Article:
Japan’s Fisco Ltd. is experimenting with selling bonds denominated in bitcoins, figuring that the digital currency will eventually become a legally recognized financial asset in Japan and help boost its business.A unit of the Tokyo-based financial information provider issued three-year debt worth 200 bitcoins to another firm in the Fisco group on August 10, in what likely is the first such deal in Japan, according to Masayuki Tashiro, the company’s chief product officer.
Financial technology (FinTech) is pressuring banks and financial institutions (FIs) in the Southeast Asian region to rethink on how to improve their business strategies in particular to enhance interaction with their customers.The FinTech Association of Malaysia (FOAM)’s Chairman David Fong said one of the significant changes that will be seen is the reduction of branch banking as customers particularly the millennials shift to digital banking.In fact, he said traditional FIs are finding it h
In an era of modernisation and digitalisation in tandem of a fast paced world, cryptocurrencies are quickly gaining popularity. This is especially true with the rise of digital entrepreneurs across the globe. Fortunately for these digital savvy entrepreneurs, rising prices and powerful tech-based consumer community, the landscape for cryptocurrencies is widening. This is in line with the emergence of other types of cryptocurrencies besides the pioneer Bitcoin.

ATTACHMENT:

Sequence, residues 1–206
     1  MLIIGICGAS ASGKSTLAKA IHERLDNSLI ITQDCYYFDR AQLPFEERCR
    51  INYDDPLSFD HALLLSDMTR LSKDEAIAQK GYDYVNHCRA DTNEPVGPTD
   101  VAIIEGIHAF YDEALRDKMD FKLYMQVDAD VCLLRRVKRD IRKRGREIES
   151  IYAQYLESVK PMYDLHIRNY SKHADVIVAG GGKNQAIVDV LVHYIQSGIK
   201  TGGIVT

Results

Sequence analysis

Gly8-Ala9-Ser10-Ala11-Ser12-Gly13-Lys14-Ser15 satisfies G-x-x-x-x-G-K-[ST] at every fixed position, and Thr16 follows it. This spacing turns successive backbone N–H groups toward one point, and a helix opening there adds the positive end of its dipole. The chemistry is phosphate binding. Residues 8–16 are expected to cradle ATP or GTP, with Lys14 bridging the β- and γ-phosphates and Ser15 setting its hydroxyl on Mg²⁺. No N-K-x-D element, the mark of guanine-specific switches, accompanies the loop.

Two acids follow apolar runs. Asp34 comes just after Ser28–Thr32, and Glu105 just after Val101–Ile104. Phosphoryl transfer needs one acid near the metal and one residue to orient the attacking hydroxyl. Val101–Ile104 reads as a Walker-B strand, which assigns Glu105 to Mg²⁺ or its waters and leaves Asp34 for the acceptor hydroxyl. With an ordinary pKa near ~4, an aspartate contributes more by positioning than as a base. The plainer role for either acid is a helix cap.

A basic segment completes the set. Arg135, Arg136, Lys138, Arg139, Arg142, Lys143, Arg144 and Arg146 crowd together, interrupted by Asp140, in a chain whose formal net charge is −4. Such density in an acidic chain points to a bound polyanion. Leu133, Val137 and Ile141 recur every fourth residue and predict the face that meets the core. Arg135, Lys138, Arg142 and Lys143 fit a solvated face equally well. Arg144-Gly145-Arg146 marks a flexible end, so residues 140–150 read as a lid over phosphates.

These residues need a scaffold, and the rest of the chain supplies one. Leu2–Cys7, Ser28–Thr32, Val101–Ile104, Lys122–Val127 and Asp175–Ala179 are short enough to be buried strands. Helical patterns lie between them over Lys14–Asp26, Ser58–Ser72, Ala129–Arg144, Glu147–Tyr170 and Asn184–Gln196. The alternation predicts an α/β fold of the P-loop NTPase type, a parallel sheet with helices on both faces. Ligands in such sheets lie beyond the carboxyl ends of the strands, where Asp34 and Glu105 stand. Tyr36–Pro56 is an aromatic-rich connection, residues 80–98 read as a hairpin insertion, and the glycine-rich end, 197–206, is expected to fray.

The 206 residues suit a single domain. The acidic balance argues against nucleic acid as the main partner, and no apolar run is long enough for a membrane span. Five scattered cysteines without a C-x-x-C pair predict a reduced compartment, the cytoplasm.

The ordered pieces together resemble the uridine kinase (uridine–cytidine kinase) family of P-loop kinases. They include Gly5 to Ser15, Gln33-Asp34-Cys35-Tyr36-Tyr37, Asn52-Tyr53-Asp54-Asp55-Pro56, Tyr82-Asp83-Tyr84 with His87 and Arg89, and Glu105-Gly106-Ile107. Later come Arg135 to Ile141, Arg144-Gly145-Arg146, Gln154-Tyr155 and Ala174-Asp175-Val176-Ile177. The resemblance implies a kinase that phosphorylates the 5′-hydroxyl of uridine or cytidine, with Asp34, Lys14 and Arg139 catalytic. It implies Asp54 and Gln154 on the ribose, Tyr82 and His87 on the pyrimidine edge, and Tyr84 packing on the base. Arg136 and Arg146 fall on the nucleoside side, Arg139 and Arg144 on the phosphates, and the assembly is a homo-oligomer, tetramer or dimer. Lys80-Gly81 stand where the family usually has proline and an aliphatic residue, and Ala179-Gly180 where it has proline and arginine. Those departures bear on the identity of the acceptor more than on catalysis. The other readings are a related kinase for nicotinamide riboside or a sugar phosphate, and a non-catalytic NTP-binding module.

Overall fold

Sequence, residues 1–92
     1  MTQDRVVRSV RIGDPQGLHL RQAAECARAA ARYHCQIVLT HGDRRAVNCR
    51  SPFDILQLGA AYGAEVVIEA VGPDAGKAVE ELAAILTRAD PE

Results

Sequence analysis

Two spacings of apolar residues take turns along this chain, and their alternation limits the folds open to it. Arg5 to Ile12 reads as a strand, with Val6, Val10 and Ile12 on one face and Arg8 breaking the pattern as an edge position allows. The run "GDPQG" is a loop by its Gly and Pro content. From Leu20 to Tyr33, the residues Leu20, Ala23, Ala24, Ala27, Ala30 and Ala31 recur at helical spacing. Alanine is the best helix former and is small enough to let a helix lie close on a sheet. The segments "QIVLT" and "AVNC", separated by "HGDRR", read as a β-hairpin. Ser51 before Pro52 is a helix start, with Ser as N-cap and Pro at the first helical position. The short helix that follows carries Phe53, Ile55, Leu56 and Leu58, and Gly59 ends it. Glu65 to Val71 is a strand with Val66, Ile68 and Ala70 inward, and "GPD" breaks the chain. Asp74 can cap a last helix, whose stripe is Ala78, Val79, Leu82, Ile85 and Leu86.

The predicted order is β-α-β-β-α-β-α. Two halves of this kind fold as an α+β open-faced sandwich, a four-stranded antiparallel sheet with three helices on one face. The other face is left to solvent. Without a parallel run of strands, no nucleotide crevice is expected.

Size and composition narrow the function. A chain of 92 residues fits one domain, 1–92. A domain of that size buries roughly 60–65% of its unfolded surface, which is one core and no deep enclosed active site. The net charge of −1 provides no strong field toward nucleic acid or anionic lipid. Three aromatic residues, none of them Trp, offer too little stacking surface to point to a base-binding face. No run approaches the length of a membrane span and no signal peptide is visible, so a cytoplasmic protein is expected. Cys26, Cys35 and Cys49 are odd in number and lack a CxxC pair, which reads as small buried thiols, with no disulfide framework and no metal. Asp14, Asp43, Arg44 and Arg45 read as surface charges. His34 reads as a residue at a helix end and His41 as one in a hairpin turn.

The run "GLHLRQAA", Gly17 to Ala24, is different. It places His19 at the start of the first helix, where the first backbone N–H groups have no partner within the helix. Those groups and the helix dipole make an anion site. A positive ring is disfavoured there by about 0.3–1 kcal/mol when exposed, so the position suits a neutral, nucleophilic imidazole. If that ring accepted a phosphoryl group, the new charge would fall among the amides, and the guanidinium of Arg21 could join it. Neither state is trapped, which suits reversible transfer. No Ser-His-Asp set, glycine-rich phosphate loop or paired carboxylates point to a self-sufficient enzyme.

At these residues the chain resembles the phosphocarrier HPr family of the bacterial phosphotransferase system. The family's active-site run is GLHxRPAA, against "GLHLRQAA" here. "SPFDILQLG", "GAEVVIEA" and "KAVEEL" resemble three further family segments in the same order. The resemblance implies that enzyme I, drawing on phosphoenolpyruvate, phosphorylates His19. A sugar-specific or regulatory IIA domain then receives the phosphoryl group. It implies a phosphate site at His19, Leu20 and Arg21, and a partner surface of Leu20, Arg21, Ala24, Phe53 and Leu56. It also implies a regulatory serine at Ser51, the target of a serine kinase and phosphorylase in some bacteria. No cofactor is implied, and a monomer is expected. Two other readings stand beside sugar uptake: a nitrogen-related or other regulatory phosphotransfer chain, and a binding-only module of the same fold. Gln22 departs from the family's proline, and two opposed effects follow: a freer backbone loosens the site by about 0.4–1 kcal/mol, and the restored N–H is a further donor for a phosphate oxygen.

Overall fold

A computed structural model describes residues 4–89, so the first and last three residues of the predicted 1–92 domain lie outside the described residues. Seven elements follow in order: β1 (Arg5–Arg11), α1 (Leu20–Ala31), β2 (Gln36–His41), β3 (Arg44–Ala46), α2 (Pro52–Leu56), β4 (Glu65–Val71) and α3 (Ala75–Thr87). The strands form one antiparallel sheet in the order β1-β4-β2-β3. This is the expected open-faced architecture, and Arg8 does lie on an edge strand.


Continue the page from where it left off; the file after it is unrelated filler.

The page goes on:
Bitcoin soared past $4,000 for the first time on growing optimism faster transaction times will hasten the spread of the cryptocurrency.The largest digital tender jumped to a peak of $4,125.17 on Monday, a gain of 15 percent since Friday, after a plan to quicken trade execution by moving some data off the main network was activated last week.
A recurring challenge for bitcoin and other cryptocurrencies is how to make them work in the real world. A Singapore-based startup says the answer is its Visa card.TenX is pitching its debit card as an instant converter of multiple digital currencies into fiat money: the dollars, yen and euros that power most everyday commerce. The company said it takes a 2 percent cut from each transaction and has received orders for more than 10,000 cards.